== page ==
from Vol. | Issue | FALL 2015
JUSTICE FOR MIGRANT WORKERS
Making Employment Insurance Work
By Chris Ramsaroop
Earlier this year, a frost destroyed many of Ontario's apple and grape crops. Media attention focused on the plight of the province's farmers, their heroic attempts to save what crops they could, and the impending crisis they faced as a result of the widespread damage.
But there is a silent crisis that has not been addressed by government officials, farmers or the media: the impact of the frost on thousands of farm workers employed in these industries.
Migrant agricultural workers, employed under Canada's Temporary Foreign Worker program, are crucial to our economy — they keep these industries functioning. And many of these workers have been returning to work at the same farm each year, for many years. Dozens if not hundreds of them were sent home early this spring; others will not even be called to work in Canada this season. The long-standing employment they rely on will not be available this year, and they will be thrown into economic crisis because of it.
One evening, members of our group, Justicia for Migrant Workers, went to the airport to bid farewell to a group of workers who were flying home early with no money, nothing to provide for their families. With the words they have written, they want to convey a message to you about the impact this economic crisis has had, and will continue to have, on them, and on the people at home who depend on them.
As Canadians, we have developed employment insurance to protect residents during periods of economic uncertainty. Migrants, while working in Canada, have paid millions into Canada's EI system and, during their time of need, should be accorded the same protections that we have.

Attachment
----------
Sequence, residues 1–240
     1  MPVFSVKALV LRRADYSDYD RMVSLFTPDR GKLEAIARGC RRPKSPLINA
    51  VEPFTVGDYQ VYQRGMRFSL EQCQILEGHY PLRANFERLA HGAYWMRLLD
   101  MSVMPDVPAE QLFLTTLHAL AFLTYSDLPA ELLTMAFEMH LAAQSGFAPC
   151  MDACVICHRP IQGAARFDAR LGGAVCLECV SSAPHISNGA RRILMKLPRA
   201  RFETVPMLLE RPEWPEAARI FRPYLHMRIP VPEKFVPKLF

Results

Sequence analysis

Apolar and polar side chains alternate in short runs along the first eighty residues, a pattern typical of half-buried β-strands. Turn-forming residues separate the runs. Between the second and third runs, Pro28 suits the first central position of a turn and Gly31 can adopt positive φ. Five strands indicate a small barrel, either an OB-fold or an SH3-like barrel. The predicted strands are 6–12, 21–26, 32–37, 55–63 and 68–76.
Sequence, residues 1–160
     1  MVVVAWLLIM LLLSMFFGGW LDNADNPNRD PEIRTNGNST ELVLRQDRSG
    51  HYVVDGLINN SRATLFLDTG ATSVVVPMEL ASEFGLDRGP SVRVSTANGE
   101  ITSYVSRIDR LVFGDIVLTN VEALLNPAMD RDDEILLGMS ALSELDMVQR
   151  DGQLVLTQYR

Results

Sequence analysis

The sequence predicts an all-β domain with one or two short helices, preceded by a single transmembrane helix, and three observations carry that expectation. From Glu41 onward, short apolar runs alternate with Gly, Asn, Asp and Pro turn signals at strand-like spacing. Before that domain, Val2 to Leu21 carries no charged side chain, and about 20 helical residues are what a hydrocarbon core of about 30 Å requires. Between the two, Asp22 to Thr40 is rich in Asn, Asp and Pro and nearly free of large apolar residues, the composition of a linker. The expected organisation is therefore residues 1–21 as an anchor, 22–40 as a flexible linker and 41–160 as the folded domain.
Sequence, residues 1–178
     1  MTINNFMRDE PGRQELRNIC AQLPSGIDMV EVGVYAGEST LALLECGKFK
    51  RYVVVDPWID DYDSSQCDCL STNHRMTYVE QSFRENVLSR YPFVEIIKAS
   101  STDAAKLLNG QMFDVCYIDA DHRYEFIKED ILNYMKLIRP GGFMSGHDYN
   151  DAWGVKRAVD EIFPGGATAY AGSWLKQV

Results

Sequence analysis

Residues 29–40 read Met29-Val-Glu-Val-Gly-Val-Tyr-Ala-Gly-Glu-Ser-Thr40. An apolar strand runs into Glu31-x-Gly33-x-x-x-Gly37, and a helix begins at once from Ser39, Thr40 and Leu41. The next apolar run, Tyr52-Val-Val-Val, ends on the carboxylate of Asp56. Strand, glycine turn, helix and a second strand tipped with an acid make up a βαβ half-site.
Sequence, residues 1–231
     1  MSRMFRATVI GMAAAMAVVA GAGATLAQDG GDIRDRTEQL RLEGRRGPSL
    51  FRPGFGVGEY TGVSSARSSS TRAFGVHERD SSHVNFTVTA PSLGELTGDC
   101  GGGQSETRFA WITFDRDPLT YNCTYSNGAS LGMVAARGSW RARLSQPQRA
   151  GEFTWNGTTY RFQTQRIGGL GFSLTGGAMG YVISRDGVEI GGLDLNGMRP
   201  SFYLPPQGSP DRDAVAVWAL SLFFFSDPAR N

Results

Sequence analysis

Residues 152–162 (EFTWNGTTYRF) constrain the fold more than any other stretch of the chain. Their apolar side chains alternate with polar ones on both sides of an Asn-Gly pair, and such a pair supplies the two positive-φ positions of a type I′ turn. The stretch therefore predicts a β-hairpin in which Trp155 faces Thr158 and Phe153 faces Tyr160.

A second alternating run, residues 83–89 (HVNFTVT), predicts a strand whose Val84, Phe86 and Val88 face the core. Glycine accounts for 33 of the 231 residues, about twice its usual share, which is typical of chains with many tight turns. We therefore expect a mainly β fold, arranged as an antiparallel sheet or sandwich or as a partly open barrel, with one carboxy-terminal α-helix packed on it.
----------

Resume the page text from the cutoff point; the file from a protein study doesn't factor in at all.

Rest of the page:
Employment Insurance is a vital social safety net to counterbalance a precarious labour market. As a matter of fairness, the people who grow our fruits and vegetables, the people who put food on our tables, should not face perpetual impoverishment because of an unpredictable climate. We cannot simply ignore their calls for justice: Do we find it easier to do so because they are "racialized foreign migrant workers"? Do they seem invisible to us for that reason?
Following are the changes that are necessary so that EI keeps pace with current labour market conditions. We call on the government to:
1. Provide equal access to regular employment insurance benefits for migrant workers through the development of interstate agreements between the governments of Canada and the countries from which migrant workers originate. This access can be modelled on similar agreements that already exist with the United States.
2. Restore migrant workers' access to special EI entitlements including parental, maternity and compassionate benefits.
3. Provide migrant workers with access to training and education during times of unemployment.
4. Improve access to benefits by reducing, in all regions, the time it takes to qualify to 360 hours or 13 weeks, whichever is less.
5. Increase the rate and duration of benefits to at least 60 per cent of earnings using workers' 12 best weeks. Raise the maximum allowable benefit, while eliminating severance-pay allocations and the two-week waiting period.
6. Provide EI income benefits so long as workers are in approved training.
Migrant farm workers have faced restrictions to accessing employment insurance since the inception of the Seasonal Agricultural Worker (SAWP) program in 1966.
As the legacy of colonialism continues to drive thousands of migrants in search of work, today more and more people must cross borders to find it, a phenomenon that will continue to grow in a world where governments embrace free trade and the free movement of goods and services, and where environmental changes are destabilizing livelihoods and whole societies.
Changes to employment insurance are needed to reflect these realities.